Also see my other reviews • Canon 24mm f/2.8Canon 70-300mm f/4-5.6 ISSigma 18-125mm f/3.5-5.6

Looking for a general purpose walkaround lens
Comparing the Canon 17-85mm f/4-5.6 v. Sigma 18-125 f/3.5-5.6
Tested with a Canon Digital Rebel XT
Review by Ian Lind (www.iLind.net) • April 2006

This is not a technical review, but a simple attempt to share my sense of these two lenses, both general purpose walkabout lenses affordable (in slightly different degrees) to the average amateur photographer.

Like many others, I returned to SLR photography about a year ago when I purchased a new Canon Digital Rebel XT. Money was an object, so I started with the kit lens. But the urge to upgrade was quick to surface and relentless.

My first attempt to replace the kit lens was the Sigma 18-125. I have been "reasonably happy" with the Sigma and it has produced some good images. Considering the price, it still seems like a good compromise. But I've noticed a few things. Distortion at wide angle and short distances can be substantial. Pictures of people at a reception, for example, leave some looking almost carnival mirror funny. At other times, I've felt certain photos were less than sharp, although it's usually easy to recover via Photoshop.

The only reasonable competitor in my view, based on specifications and price, is the Canon 17-85, a lens which has gotten decidedly mixed reviews from users on various photo sites. But I've had such a good experience with other Canon lenses that I wanted to give it a try.

So for several weeks I've been using a new Canon zoom and feeling quite good about it. It is quiet, fast focusing, and the IS has been a lifesaver several times. My very subjective feeling is that the Canon does a better overall job.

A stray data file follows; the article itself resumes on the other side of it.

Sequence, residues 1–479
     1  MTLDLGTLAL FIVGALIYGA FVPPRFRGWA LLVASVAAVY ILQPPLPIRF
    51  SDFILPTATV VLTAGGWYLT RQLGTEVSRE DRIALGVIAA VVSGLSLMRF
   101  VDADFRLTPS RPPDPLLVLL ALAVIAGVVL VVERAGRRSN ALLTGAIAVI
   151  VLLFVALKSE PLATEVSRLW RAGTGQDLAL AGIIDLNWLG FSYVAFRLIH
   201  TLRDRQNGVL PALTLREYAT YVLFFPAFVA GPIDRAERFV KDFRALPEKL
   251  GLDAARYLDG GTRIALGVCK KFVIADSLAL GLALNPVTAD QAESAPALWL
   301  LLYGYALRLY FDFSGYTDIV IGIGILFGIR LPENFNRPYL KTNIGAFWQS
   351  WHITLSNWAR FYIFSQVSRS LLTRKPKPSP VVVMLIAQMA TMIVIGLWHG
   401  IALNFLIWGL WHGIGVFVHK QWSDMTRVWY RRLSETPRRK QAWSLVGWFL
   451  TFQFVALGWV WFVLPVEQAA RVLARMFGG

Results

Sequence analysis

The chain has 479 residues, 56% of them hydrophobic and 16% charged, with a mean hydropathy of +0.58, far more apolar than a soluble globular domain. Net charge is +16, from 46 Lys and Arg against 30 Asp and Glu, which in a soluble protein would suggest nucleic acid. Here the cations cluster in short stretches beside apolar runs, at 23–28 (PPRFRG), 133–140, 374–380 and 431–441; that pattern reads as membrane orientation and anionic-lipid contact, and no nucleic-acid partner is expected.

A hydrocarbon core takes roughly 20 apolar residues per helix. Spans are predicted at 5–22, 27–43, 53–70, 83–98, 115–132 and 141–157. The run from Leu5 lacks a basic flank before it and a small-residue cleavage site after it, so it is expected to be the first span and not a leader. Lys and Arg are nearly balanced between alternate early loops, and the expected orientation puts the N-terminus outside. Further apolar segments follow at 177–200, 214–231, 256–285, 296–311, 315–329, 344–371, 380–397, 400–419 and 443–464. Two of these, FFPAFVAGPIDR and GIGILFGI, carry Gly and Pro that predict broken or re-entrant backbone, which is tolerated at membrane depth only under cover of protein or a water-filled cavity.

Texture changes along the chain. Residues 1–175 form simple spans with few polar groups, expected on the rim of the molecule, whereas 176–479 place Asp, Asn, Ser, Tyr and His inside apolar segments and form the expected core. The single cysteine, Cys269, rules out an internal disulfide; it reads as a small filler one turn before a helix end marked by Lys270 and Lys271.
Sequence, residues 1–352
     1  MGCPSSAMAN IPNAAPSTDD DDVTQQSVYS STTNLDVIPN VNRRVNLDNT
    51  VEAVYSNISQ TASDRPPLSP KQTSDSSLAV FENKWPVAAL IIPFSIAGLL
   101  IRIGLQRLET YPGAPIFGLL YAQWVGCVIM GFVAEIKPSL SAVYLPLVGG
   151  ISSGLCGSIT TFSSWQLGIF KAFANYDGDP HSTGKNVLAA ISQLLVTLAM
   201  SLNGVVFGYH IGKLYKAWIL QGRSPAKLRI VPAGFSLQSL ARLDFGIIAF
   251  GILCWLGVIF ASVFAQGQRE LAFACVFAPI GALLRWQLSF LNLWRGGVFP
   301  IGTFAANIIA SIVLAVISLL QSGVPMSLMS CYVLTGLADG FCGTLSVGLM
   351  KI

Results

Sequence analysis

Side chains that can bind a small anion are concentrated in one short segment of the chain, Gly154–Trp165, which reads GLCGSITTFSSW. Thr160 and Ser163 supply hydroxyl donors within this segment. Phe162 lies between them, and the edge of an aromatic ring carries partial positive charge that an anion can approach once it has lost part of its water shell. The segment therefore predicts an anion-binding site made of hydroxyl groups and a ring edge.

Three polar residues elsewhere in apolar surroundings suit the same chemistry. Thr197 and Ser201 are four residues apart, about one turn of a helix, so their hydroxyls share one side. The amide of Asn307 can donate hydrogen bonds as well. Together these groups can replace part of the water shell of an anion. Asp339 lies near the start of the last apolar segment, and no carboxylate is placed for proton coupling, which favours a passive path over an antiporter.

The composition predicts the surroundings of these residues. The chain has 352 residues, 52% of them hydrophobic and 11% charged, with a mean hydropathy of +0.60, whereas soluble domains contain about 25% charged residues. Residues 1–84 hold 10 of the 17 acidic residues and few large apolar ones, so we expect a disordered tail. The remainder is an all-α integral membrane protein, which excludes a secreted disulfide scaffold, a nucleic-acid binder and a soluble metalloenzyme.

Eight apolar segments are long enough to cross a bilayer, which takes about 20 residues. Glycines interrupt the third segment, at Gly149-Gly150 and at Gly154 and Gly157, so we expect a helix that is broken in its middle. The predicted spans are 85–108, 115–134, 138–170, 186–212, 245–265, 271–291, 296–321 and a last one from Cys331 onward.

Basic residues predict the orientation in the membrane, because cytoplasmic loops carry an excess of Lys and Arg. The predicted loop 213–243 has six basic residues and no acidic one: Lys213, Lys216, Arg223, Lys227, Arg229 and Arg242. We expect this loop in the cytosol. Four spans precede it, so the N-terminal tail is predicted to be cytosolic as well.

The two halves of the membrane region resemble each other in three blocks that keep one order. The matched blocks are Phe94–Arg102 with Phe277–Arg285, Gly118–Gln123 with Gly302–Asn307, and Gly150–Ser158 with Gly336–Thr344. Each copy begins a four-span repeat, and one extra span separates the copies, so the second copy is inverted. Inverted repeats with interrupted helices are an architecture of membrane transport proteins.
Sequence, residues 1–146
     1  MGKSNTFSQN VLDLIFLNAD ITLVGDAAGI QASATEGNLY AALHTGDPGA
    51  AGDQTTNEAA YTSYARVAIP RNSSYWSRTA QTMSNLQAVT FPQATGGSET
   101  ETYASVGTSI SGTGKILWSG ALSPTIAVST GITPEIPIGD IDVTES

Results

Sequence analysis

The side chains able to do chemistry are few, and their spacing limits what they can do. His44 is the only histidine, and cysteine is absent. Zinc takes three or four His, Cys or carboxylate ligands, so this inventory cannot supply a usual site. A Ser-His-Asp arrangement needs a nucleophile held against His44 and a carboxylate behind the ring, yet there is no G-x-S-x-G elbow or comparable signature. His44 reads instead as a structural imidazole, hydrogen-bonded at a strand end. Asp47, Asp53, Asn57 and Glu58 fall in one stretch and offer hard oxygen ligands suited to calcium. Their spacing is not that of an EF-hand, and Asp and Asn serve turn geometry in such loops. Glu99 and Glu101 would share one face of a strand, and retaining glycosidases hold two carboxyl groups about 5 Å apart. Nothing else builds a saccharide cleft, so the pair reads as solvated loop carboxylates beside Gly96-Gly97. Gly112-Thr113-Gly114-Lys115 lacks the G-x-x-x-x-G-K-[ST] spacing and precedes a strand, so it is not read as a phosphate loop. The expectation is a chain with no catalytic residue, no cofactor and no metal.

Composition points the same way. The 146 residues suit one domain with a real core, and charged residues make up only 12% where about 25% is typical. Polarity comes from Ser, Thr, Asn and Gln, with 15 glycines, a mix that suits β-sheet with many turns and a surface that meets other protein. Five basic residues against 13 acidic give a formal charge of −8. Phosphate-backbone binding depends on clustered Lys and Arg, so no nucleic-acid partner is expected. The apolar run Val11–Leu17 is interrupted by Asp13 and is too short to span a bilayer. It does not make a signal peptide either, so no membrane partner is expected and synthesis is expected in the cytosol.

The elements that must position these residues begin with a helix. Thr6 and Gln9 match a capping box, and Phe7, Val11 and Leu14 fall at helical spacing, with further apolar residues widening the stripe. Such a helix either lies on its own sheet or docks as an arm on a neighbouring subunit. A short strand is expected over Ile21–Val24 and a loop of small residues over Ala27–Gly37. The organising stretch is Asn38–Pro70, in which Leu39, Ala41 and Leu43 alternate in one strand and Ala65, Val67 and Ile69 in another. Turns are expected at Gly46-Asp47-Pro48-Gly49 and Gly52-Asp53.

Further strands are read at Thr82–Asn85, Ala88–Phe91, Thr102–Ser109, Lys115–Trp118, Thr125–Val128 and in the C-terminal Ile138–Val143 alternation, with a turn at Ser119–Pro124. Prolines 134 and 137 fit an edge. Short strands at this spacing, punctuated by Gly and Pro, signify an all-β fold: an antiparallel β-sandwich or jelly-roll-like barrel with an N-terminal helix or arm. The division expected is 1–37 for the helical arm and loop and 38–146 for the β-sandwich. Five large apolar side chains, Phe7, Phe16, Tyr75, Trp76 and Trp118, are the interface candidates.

But when I used the two side by side over the past couple of days, I was surprised to find it difficult to find any meaningful differences in the resulting images.

The photos to the right were shot in RAW format, reduced in size, but without any other post processing. For all practical purposes, they appear identical. Obviously, they don't run the gamut of lighting conditions or colors, but at least suggest that there's no definitive winner between these two lenses in terms of overall image quality. Hit the sweet spot with exposure and focus, and either one will yield a quite respectable image.

The difference, then, will end up coming down to personal preference. I have a feeling, as yet unsupported by data, that the Canon yields slightly better or more consistent images, has a bit more margin for error, requires less correction, and has better contrast and color, although the differences are subtle and don't show up across the board.

But the Sigma 18-125 has a solid build, is smaller and several ounces ligher than the Canon, and can be purchased for 40% less. It also has a better macro mode.

After looking at the comparison photos, I think the Sigma deserves a very close look. I'm certainly going to try for more side-by-side comparisons before finally deciding which is the keeper.

Or I'll put it this way. Now that I've bought the Canon, I'll probably end up keeping it. But if I had borrowed these lenses, made this same comparison, and then had to decide whether to spend nearly twice as much for possibly real but marginal image improvement, it would have been harder to walk past the Sigma.

Canon v. Sigma
Differences, if any, are subtle.
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